The newspaper headlines are already emerging: "Pennsylvania Senate race a heavyweight battle . . . Santorum-Casey race expected to be expensive, 'ugly' . . . Pennsylvania Senate race will be one to watch in 2006 . . . Casey-Santorum boiling to surface."
The most celebrated and most expensive U.S. Senate race this year is likely to be in Pennsylvania, where Sen. Rick Santorum, who drew criticism from conservatives for backing pro-choice Republican Arlen Specter's reelection bid in 2004, stands poised to defend his own seat against a pro-life Democrat.
The most recent poll showed Bob Casey Jr. with a 12-point lead over the GOP's No. 3 leader in the Senate. The 45-year-old state treasurer rides on the prestige of his father, the late Gov. Robert P. Casey, but Mr. Santorum is hoping that Mr. Casey's silence on key issues will speak louder than his surname.
When Mr. Santorum challenged Mr. Casey to take a position on Supreme Court nominee Samuel Alito, the state treasurer announced that he would reserve judgment until the end of the confirmation hearings. Critics dubbed him "Silent Bob," and the silence deepened once the hearings ended and Mr. Casey waited until Jan. 24 to announce support for Mr. Alito. Republicans tried to use that indecisiveness to alienate their opponent from his liberal Democratic base.
Mr. Casey had good reason to keep Judge Alito out of the picture. On the federal appellate bench, the judge sided with Bob Casey Sr. against Planned Parenthood in defending the Pennsylvania Abortion Control Act, which required women to notify their spouses before having abortions. Mr. Casey maintains his support for spousal notification as a way to decrease abortions, but he could not endorse President Bush's Supreme Court choice without angering pro-abortionists, and could not oppose him without upsetting socially conservative, economically liberal voters in western Pennsylvania.
While some high-pitched rhetoric suggests irreconcilable differences (Mr. Casey has called Mr. Santorum an "arrogant" politician pushing a "narrow ideology" and "partisan political extremism"), the opponents share much in common. Both acknowledge the strong impact of their Catholic faith on their civil duties. Both oppose embryonic stem-cell research but support stem-cell research not involving the destruction of embryos.
Both oppose gun control, oppose an early withdrawal from Iraq, and support the right of pharmacists to refuse to fill prescriptions that violate their conscience. However, Mr. Casey favors same-sex unions and disagrees with Mr. Santorum's push for a constitutional amendment to ban homosexual marriage.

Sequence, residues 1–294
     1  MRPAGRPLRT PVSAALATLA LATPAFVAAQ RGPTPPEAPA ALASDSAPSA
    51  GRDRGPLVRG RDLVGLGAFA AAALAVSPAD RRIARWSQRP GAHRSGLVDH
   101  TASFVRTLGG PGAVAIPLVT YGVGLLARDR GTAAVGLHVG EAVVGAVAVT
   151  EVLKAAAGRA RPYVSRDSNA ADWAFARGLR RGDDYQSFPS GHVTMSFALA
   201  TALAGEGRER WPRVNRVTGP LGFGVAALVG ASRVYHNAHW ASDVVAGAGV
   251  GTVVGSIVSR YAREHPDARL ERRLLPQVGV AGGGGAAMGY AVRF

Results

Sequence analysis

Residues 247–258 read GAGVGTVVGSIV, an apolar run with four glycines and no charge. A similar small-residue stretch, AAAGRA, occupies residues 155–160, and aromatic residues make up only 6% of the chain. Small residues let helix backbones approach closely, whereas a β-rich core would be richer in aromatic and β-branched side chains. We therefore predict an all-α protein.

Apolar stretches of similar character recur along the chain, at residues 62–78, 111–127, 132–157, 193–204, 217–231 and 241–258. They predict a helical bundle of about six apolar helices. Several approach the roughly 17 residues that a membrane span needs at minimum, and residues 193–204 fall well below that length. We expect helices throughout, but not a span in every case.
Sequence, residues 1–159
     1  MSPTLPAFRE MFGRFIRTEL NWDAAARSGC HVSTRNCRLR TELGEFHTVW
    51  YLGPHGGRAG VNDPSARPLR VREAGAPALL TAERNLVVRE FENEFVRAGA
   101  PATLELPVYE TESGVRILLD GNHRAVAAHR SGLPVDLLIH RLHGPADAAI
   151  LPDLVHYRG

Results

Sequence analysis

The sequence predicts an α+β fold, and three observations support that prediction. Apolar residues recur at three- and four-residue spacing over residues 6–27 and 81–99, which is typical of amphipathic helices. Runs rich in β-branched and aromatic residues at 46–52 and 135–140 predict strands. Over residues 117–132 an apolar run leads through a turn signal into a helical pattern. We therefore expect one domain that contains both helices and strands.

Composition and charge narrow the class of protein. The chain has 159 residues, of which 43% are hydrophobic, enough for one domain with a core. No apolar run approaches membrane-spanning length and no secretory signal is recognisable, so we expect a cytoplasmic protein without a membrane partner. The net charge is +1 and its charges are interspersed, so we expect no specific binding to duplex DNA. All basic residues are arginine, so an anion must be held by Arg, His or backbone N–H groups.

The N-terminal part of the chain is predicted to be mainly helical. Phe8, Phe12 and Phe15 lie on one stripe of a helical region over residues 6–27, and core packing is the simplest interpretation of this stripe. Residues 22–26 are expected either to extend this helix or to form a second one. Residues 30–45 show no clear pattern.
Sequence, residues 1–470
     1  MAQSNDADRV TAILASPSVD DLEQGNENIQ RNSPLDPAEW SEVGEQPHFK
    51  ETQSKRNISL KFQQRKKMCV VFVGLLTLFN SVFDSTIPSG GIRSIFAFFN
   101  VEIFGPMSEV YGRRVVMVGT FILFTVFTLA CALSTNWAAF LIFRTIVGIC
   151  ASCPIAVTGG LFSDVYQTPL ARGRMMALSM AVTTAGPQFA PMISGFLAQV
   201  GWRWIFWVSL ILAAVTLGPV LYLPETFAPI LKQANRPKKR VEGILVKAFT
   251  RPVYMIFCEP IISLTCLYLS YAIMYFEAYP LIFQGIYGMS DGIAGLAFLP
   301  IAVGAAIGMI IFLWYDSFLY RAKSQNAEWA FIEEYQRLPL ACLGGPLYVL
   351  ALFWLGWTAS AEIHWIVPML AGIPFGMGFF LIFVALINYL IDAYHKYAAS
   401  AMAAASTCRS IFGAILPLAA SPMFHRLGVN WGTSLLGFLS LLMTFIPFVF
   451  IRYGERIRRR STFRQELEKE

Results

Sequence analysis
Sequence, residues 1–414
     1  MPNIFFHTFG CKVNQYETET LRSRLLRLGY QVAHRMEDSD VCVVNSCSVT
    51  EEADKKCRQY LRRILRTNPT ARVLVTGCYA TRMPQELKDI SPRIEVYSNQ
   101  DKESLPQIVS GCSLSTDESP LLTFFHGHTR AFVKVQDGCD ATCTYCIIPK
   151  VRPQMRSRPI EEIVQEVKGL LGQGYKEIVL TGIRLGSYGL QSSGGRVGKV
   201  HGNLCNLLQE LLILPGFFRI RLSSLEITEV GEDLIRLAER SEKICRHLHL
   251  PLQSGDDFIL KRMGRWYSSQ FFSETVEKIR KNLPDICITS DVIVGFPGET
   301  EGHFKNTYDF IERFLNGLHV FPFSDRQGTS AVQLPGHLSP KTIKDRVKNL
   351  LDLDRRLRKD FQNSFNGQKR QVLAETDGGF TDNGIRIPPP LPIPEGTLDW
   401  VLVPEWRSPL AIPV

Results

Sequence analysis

Mr. Santorum, who chairs the Senate Republican Conference, continues to invite his opponent to public debates, but Mr. Casey stands by his decision to wait until after the primary election in May, where two little-known Philadelphia Democrats oppose him.
The Casey and Santorum websites illustrate one difference in campaign strategies. At www.bobcaseyforpa.com, the Casey positions are summarized under five headings, such as "veterans" and "seniors," and no mention is made of the abortion issue. Visitors to www.ricksantorum.com will see 13 (equally vague) categories, each with detailed descriptions of legislation Mr. Santorum has fought for. Under the "family" category, the site displays the senator's support for pro-life work.
Mr. Casey's tightrope act does not trivialize the difficulties facing Mr. Santorum as he seeks a third term in the 2006 election. The unapologetic attitude with which the senator has pushed his Christian conservative views, particularly his linking the legalization of gay marriage with the legalization of pedophilia, has incurred much venom from the left.
Meanwhile, his decision to endorse Arlen Specter in a 2004 primary against a conservative-a political maneuver designed to preserve a GOP Senate majority-has caused a cooling of support among his base.
This cool support may grow colder as Mr. Santorum makes moves that seem calculated to soften his image among moderates. He withdrew his membership from the board of the Thomas More Law Center, which defended the Dover School Board's right to teach Intelligent Design, and on Jan. 5 he wrote a letter to President Bush requesting the formation of a bipartisan panel to assess progress in Iraq. Recent party scandals, such as the illegal activities of ex-lobbyist Jack Abramoff, might also hurt Mr. Santorum by association.
-Anthony Paul Mator is a World Journalism Institute fellow